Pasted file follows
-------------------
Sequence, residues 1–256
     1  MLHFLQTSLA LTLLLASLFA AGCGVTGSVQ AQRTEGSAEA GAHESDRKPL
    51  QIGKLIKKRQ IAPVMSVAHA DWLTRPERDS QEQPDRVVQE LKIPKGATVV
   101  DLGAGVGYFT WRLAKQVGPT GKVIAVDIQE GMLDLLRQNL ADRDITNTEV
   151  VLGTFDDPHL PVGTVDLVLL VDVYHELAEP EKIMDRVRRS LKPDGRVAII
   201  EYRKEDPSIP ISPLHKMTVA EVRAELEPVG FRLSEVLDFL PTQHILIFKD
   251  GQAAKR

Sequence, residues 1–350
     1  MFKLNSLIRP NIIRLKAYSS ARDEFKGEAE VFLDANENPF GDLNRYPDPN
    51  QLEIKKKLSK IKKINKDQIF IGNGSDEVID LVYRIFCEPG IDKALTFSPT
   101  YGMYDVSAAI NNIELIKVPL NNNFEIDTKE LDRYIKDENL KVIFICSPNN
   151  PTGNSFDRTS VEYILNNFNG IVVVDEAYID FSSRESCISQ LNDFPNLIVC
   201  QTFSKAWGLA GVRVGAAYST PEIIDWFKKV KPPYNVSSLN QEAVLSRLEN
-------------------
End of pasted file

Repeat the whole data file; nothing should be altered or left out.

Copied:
Sequence, residues 1–256
     1  MLHFLQTSLA LTLLLASLFA AGCGVTGSVQ AQRTEGSAEA GAHESDRKPL
    51  QIGKLIKKRQ IAPVMSVAHA DWLTRPERDS QEQPDRVVQE LKIPKGATVV
   101  DLGAGVGYFT WRLAKQVGPT GKVIAVDIQE GMLDLLRQNL ADRDITNTEV
   151  VLGTFDDPHL PVGTVDLVLL VDVYHELAEP EKIMDRVRRS LKPDGRVAII
   201  EYRKEDPSIP ISPLHKMTVA EVRAELEPVG FRLSEVLDFL PTQHILIFKD
   251  GQAAKR

Sequence, residues 1–350
     1  MFKLNSLIRP NIIRLKAYSS ARDEFKGEAE VFLDANENPF GDLNRYPDPN
    51  QLEIKKKLSK IKKINKDQIF IGNGSDEVID LVYRIFCEPG IDKALTFSPT
   101  YGMYDVSAAI NNIELIKVPL NNNFEIDTKE LDRYIKDENL KVIFICSPNN
   151  PTGNSFDRTS VEYILNNFNG IVVVDEAYID FSSRESCISQ LNDFPNLIVC
   201  QTFSKAWGLA GVRVGAAYST PEIIDWFKKV KPPYNVSSLN QEAVLSRLEN